• Be prepared to go over the managers head if you are unhappy about the plans – no, you are not a brake on progress; your role is to help and to reduce the chance of expensive mistakes.
  • Help the managers handle the issues – train before the change, be ready to pick up the pieces afterwards.
  • Check up after the change – how well did the HR planning work?

Motto: Prevention is better than cure.

HR Zone would like to know how you would deal with this situation. Please post your experiences, views and comments below.

3 Responses

  1. Acknowledging mistakes can help to overcome resistance
    I don’t disagree that previous experiences will influence peoples’ view of change. But the resistance needs to be overcome, otherwise there will be a continuing cycle of failed change and disillusioned people. In order to overcome the resistance resulting from previous negative experiences, it is necessary for managers – at whatever level – to acknowledge that they may have got it wrong and then to work with their teams to plan a future change, having first agreed that a change is actually necessary. Accepting responsibility for previous problems can be very difficult, particularly if there is a blame culture in the organisation. But HR staff can play a key role by working with senior managers to create an environment where making mistakes is OK – provided that people learn from them. This can help, in turn, to lead to a situation where people trust each other and their managers, accept the inevitability of change and work together to make a success of it. It sounds simple; it isn’t, but it can work, as I know from personal experience.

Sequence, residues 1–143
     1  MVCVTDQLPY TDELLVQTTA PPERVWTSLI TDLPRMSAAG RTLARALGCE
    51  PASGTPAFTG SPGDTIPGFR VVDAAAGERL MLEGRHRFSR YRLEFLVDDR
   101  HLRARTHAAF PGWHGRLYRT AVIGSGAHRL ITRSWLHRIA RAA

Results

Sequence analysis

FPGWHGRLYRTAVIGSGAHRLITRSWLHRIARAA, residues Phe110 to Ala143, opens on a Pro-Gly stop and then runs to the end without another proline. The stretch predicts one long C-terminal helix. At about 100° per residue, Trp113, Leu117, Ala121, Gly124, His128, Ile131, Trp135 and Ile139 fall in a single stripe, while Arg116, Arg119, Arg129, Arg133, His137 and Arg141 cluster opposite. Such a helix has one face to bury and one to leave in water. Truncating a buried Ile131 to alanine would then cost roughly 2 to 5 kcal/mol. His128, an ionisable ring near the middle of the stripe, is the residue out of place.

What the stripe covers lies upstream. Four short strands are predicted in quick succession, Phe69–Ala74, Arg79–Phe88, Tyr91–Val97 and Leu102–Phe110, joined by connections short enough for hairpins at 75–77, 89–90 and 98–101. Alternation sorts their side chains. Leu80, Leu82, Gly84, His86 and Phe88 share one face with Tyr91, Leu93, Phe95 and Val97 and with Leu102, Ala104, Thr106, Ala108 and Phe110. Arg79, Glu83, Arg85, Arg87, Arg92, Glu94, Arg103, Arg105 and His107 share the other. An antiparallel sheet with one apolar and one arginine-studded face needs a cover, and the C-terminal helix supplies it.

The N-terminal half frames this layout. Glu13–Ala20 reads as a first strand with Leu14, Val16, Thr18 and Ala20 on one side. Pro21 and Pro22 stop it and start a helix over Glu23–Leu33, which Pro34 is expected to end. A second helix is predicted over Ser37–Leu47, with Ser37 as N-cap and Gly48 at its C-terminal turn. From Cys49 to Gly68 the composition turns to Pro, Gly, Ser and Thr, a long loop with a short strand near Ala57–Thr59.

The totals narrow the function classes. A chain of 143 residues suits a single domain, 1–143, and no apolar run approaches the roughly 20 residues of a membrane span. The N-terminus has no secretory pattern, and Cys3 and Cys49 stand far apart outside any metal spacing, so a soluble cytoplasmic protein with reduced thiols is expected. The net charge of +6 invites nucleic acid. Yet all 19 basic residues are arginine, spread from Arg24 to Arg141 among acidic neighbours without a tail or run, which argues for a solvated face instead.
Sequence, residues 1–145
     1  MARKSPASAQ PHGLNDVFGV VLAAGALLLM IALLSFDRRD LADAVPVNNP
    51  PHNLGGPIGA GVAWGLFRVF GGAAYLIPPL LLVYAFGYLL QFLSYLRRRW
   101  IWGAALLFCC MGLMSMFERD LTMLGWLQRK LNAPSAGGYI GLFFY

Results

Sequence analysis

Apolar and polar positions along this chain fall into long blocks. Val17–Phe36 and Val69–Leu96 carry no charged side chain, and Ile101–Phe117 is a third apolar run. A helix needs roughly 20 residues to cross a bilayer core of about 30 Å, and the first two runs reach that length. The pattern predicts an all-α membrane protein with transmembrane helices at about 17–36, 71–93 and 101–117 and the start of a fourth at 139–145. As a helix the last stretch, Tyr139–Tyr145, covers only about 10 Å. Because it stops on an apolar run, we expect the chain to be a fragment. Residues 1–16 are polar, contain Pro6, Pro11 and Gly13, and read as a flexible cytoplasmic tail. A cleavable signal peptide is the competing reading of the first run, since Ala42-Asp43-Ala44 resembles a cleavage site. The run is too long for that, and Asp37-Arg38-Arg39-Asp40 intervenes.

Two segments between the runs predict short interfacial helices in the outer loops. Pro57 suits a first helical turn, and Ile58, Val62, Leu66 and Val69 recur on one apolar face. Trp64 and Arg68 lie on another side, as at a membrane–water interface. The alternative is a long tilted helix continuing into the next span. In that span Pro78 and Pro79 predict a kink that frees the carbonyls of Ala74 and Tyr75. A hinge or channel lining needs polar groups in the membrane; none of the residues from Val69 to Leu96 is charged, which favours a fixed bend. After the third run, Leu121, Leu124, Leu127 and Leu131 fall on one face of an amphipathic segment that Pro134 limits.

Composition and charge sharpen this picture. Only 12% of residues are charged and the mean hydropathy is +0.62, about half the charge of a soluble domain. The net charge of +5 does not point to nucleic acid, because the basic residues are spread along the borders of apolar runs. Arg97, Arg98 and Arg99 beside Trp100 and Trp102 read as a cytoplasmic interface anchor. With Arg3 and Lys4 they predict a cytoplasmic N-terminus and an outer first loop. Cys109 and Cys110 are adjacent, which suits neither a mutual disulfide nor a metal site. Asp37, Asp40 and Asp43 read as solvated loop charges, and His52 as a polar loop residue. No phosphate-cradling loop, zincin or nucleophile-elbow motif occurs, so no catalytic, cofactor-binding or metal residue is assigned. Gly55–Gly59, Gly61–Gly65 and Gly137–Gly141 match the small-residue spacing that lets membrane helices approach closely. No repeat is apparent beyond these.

2. Good point but bad experience is often the cause,
    A good point, change is ‘done ‘ to people too often. But much of the resistance to change, and especially reorganization, is a direct result of peoples previous experiences of badly managed changes.

  3. Involving employees in change helps acceptance
    As a recently-retired HR adviser from central government, I have much sympathy with the employee in this sorry saga.

    The fundamental problem with change is that it so often done TO people, rather than done WITH people. Unless people feel they have, at least, some influence over change, however necessary it might be, they are unlikely to go along with it willingly. But if they understand the benefits – or the likely benefits (I don’t believe clear benefits can ever be guaranteed) – and have trust in those leading the change, they are more likely to accept it. HR professionals have a key role to play in supporting people through change, but they should not be expected to take the lead; it is for the managers directly involved to lead, but in partnership with all the people directly affected.

    We have to accept that change is inevitable. Companies have to remain competitive if they are to survive; public sector organisations have to respond to the changing demands of their customers (the public) in the delivery of services. But employees have to understand why changes are being made and what the impact will be on them.